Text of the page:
Monday, November 3, 2008

Exams: All together now?

Group work and exams are perennial topics of interest here at ISW. So has anyone tried to combine these, making use of group exams? I've never done it myself and have a pretty clear idea of why people would avoid it. But has anyone out there tried group exams or evaluations in a philosophy class? If so, what was the format? And was it successful? (Or maybe you've been on the other side: Has anyone been made to take a group exam in a philosophy class?)


  1. I was feeling experimental this semester and so tried the group exam where the first part was individual short answer and the second part was group work on multiple choice. Of course, the students were very excited and the average grades were the best I'd ever seen on a test. I gave a pop quiz a week later with a few of the same questions from the test to see if information was retained, but based on that it didn't look like the information was retained. Overall, I came away thinking it was a negative experience in that a few of the really good students pulled along everyone else.

    However, I would like a more objective way of testing the benefits.

  2. I'm trying a group quiz approach this semester in my Critical Thinking course, based on the approach discussed earlier on this blog. The students take a 30 minute quiz with relatively short but open-ended questions (e.g., "Which fallacy does this argument commit? Define the fallacy and explain how this argument fits the definition"). When they're done, they get into their groups, and each group takes the same quiz. (Each student's grade is the greater of either their individual score or a weighted average of their individual and groups scores.)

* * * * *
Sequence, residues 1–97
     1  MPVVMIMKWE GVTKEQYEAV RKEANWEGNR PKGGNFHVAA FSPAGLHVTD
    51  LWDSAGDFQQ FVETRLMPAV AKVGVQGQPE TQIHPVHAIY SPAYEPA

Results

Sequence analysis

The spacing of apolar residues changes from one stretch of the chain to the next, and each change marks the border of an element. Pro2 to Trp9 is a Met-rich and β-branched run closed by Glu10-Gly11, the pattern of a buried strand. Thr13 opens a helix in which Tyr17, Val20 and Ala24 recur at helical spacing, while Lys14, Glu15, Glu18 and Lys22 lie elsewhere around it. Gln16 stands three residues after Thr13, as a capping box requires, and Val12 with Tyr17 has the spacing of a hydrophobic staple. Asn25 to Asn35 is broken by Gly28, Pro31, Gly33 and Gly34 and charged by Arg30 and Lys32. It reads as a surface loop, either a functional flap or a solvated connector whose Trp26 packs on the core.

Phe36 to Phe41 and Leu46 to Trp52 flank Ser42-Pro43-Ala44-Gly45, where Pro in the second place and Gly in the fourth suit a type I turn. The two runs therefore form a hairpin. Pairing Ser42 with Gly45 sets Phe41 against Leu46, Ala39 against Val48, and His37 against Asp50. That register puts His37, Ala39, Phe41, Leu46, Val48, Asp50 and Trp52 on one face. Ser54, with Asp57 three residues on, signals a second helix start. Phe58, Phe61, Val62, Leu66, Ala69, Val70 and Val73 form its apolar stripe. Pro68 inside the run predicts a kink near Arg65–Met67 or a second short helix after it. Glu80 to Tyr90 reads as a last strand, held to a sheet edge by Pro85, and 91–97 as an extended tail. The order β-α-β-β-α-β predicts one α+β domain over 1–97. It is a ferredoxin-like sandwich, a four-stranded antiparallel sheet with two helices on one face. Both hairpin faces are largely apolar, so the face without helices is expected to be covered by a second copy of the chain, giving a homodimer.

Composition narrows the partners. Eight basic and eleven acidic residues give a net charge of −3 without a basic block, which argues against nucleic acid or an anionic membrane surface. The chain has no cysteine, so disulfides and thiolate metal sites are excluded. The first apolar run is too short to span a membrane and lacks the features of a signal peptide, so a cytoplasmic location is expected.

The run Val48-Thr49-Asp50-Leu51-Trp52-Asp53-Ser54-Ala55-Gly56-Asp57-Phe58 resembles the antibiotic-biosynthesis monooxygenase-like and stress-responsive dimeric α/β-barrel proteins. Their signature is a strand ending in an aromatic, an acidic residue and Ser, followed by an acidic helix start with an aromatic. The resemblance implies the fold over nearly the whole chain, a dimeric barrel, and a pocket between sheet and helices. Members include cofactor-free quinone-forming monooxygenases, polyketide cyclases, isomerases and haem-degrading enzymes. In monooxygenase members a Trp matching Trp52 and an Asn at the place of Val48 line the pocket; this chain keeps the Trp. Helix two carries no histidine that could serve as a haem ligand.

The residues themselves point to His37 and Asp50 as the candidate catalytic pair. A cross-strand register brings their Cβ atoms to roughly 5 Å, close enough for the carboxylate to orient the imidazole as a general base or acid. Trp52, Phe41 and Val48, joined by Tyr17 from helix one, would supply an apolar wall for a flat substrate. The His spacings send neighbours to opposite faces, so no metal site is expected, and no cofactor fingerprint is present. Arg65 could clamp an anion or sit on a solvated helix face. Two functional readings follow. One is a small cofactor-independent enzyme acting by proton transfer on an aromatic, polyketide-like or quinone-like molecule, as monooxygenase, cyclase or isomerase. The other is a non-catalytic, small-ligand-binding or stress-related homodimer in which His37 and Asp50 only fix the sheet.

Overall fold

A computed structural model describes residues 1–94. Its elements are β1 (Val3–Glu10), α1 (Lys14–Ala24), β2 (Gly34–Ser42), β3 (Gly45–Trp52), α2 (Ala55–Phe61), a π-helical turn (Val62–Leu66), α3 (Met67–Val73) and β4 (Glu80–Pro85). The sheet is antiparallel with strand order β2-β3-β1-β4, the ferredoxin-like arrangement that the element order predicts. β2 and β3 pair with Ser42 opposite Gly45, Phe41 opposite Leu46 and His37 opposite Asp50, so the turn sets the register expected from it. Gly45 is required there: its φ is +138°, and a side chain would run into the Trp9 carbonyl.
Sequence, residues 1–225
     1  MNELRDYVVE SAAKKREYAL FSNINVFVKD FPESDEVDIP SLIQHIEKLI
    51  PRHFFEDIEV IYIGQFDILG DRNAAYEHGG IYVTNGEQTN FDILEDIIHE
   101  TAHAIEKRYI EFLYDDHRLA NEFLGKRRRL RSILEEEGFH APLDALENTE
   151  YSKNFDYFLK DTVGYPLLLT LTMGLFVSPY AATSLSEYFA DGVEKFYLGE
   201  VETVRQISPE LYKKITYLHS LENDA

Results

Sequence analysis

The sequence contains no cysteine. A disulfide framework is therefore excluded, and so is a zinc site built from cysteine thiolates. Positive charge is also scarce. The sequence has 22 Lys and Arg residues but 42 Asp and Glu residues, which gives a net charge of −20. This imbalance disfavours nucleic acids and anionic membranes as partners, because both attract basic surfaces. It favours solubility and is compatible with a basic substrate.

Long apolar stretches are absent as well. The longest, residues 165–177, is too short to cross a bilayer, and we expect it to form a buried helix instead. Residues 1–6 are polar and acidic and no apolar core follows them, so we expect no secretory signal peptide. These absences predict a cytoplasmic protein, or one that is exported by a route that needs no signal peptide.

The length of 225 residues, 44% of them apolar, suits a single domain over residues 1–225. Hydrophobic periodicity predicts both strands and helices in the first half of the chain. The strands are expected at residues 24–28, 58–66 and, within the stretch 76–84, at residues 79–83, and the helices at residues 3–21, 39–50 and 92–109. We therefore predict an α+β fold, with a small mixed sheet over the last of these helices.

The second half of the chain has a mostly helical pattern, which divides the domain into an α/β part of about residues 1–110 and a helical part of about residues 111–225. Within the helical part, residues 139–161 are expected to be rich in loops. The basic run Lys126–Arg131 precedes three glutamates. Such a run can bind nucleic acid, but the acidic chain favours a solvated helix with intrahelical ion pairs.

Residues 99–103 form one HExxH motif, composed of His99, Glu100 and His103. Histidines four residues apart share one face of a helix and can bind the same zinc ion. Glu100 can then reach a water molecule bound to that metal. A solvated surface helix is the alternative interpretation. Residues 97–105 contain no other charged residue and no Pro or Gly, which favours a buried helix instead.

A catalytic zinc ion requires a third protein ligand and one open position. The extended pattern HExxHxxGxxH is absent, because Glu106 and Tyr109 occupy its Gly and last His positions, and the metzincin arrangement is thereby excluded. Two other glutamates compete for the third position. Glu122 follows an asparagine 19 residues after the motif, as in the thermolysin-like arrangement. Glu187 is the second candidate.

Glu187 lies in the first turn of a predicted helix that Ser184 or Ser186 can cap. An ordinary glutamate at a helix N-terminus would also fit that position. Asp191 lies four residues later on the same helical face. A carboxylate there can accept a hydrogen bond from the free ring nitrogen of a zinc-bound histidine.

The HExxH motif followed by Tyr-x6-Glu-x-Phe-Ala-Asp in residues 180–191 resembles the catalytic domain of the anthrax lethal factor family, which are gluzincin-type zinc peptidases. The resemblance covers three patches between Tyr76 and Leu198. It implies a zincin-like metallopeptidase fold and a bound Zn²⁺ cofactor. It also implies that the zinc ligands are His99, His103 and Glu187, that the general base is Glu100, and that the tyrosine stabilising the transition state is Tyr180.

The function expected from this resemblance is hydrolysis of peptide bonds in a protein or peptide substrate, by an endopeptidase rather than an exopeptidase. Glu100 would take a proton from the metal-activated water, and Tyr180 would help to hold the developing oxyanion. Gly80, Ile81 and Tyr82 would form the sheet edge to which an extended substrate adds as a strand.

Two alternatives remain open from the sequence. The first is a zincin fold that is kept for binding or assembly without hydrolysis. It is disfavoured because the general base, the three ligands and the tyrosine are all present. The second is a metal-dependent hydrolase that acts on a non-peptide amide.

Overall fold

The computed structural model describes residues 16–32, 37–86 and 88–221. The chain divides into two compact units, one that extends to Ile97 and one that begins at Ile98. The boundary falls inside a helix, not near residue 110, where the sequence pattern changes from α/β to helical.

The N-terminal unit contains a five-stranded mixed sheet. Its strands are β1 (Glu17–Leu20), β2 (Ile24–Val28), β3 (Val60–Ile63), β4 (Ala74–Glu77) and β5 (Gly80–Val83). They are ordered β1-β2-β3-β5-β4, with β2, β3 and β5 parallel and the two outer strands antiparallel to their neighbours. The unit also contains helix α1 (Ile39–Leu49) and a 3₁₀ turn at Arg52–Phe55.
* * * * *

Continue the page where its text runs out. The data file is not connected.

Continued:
It's too early to tell whether it's doing any good. Some groups seems to have lively discussions about the questions. In other groups, one or two people write and other two or three chat. I've tried to probe students about the usefulness of the quiz format, with some positive responses, but I'm not sure the responses were sincere.

    I'll update this thread in December or January with results from the final exam and students' end-of-course evaluations about the group quizzes.

  3. The original discussion of team based learning mentions Michaelsen, but I didn't see any links to his site. There are some interesting videos there, and a little more detail on the approach:
    Here, also (although focused on the health sciences):

    I've taken a few workshops with Michaelsen, and I find the approach appealing, although I'm troubled by the lack of examples of how this has been used in humanities courses (most examples come from science or business courses). I haven't had a chance to try to incorporate this yet, but I'm seriously considering it.

  4. Thanks for the links, Kimberley. It looks like there's a lot of great information on the OU site, though I can't watch the videos right now. (They require a PC.)

    I have some thoughts on how to incorporate these techniques in humanities classes, but I'll bite my tongue until I've read and digested more the information on their site.


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